Nissan CEO Carlos Ghosn warned Friday the deal to buy part of Mitsubishi Motors Corporation depends on the outcome of the Japanese Transport Ministry's investigation into allegations Mitsubishi inflated the fuel-economy of its cars.
Ministry officials raided Mitsubishi's Tokyo headquarters Friday, a day after Nissan announced the $2.2 billion purchase of 34 percent of Mitsubishi.
Ghosn said Friday the deal would not be final until it is clear whether the inflated fuel data was limited to cars sold only in Japan and what the penalties would be.
Last month, Mitsubishi admitted that several of its employees exaggerated the numbers on its fuel economy data, making several models appear to get better gas mileage than they actually do.
Some of the cars that had their data manipulated showed fuel economy that was about 15 percent better than it really was.
Leaders of the two automakers appeared at a news conference Thursday in Yokohama – home of Nissan headquarters – to announce what Ghosn called a “win-win” deal.
Transport ministry officials arrive at Mitsubishi Motors Corp.'s headquarters building for a raid after the company admitted to manipulating test data to overstate the fuel economy, in Tokyo, Japan, May 13, 2016.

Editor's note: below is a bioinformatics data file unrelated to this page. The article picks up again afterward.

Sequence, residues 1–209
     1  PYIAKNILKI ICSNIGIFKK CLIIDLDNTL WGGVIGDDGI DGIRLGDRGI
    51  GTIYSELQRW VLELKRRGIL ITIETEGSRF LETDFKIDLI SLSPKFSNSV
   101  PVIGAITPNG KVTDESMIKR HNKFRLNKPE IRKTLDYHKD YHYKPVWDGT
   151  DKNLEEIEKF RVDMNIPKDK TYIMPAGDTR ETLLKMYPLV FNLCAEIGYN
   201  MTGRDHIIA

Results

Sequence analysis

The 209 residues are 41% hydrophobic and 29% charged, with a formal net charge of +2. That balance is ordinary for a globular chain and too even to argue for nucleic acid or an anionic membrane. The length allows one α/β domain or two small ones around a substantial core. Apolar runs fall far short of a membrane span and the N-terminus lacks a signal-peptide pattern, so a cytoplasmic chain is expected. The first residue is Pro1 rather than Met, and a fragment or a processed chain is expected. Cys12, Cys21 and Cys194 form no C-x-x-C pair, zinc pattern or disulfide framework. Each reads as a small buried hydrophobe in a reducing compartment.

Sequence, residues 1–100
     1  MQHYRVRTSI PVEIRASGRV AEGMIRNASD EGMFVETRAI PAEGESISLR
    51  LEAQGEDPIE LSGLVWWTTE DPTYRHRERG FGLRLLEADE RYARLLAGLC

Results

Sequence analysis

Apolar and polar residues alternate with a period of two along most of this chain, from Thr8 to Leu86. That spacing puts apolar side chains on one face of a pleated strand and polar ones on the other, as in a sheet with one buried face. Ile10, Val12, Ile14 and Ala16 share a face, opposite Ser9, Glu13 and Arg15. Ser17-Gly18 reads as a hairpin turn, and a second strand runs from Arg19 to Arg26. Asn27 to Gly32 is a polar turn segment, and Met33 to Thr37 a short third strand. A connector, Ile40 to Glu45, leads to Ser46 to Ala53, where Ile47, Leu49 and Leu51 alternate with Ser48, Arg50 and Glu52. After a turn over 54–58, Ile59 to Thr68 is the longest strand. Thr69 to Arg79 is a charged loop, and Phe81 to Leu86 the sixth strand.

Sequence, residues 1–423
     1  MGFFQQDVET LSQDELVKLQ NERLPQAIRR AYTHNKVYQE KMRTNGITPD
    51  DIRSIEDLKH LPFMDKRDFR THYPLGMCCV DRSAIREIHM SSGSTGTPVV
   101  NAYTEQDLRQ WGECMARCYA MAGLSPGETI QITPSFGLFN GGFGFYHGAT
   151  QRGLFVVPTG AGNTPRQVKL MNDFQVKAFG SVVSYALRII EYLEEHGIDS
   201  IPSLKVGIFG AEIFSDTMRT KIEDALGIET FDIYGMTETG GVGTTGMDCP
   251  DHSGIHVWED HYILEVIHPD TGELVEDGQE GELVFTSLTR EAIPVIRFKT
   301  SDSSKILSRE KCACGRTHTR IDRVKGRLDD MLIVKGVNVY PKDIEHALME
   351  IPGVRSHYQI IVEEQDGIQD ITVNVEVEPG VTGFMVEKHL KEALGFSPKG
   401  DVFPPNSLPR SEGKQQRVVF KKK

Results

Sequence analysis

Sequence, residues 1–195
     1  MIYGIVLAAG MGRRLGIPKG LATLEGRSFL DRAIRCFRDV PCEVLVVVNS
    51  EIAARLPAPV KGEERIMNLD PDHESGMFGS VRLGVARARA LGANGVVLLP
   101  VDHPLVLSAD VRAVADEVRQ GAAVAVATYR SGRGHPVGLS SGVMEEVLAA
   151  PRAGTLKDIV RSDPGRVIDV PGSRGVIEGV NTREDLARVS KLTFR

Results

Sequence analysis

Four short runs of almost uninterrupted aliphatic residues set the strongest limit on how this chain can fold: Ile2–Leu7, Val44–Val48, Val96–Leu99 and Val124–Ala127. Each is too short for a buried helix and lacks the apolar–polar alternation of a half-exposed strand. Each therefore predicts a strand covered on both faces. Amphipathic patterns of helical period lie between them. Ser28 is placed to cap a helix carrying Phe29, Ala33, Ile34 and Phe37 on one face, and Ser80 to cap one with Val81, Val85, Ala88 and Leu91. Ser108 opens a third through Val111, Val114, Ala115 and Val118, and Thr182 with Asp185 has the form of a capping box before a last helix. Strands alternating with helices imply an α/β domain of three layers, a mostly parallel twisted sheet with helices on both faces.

Mitsubishi already manufactures mini-car models for Nissan that are an important part of its Japanese sales. Acquiring a major stake in Mitsubishi would also give Nissan more exposure to Thailand and other Southeast Asian countries.
Mitsubishi, the world's sixth-largest automaker, lost about half of its market value after news of the fuel-rigging scandal broke.
The company is no stranger to scandal, nearly going out of business after admitting back in 2000 that it covered up major safety defects for several decades.
Mitsubishi is the second carmaker accused of falsifying environmental data in 12 months.
Germany's Volkswagen admitted late last year that it installed software on millions of its vehicles that activated bogus emissions controls to deceive testing officials.